Feminine

Self-Esteem with William-Adolphe Bouguereau

In a generation that is governed by the media, a bias network of amplified opinions fabricated as facts, pictures smeared with filters and Photoshop edits to transform it, finding art that has the power to whisper resonate has become ever more difficult. Yet, what is astonishing about this art is that it overpowers the facade of society’s noises. Barry Jenkins’s Moonlight, a beautiful, quiet coming-of-age movie that truly is art in its purest form recently was awarded three oscars, including one for Best Picture; proof that no matter what day and age, art will always be the one that will continue to resonate. This painting Biblis by William Adolphe Bouguereau exemplifies this idea, portraying art in its most purity and simplicity.

One indication that Bouguereau’s painting is about innocence and purity is through the use of soft pastels. The tones of the painting mostly comprise of pine greens, soft tans and creamy whites to create a tranquil and simple experience. The water is not blue but a murky light brown, serving as a perfect complement to reflect the woman’s naked body. The woman is leaning her head onto a rock observing her reflection in the water. The painting portrays a strong sense of vulnerability in such a quiet and tranquil scene, a symbol of the beauty females have in themselves but struggle to believe and come to terms with because of society saying anything otherwise.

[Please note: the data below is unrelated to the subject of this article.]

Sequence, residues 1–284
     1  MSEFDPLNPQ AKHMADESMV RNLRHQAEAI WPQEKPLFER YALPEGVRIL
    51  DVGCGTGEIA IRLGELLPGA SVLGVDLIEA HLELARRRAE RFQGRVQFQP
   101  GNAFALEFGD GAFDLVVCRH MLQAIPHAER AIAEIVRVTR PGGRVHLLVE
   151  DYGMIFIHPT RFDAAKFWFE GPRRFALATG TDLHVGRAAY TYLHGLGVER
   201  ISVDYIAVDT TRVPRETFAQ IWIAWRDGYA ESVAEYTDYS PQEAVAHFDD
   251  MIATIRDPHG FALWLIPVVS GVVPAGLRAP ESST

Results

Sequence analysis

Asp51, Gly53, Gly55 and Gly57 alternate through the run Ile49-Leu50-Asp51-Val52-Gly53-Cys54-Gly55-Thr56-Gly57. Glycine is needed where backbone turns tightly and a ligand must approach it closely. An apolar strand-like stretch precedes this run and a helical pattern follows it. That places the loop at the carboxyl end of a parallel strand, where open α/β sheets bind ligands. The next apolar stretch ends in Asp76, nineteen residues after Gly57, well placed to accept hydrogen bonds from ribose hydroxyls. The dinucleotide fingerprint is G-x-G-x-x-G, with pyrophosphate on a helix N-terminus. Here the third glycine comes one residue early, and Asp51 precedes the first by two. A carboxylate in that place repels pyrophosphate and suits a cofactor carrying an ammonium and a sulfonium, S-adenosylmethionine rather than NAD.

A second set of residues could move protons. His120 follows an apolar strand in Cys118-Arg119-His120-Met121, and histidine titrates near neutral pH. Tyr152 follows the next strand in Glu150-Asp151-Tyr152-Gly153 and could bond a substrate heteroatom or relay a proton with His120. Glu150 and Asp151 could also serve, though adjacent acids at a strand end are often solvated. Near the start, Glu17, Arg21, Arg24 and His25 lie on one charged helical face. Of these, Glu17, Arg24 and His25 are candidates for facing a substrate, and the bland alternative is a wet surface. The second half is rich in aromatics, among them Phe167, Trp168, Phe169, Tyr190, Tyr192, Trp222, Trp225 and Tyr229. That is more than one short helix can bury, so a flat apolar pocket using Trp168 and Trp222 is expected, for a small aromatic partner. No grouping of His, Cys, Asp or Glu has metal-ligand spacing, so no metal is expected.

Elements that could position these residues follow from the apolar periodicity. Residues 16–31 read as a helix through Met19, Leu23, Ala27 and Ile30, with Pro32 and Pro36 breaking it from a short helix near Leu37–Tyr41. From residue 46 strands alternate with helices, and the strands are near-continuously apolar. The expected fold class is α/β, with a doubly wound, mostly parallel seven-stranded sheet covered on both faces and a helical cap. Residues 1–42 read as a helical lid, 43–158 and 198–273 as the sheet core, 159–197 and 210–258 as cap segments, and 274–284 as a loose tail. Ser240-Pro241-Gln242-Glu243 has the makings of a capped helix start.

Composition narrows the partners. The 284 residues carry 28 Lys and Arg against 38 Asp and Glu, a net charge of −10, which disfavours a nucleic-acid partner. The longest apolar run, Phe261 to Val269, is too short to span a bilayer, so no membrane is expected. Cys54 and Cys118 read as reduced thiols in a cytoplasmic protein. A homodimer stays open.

The woman staring at her reflection depicts her learning to love herself and her body in its entirety, but struggling to do so. She sees a completely different version of herself in the pond than what we see when we see this picture. When we look at this woman, we see a female resilient in her vulnerability, but this female struggles to see the beauty she radiates. This picture humanizes vulnerability and resilience, shifting away from the promiscuity of the concept of a naked woman. In a world where beauty feels the need to be edited, this painting beautifully contradicts the notion, showing us the importance of self-appreciation.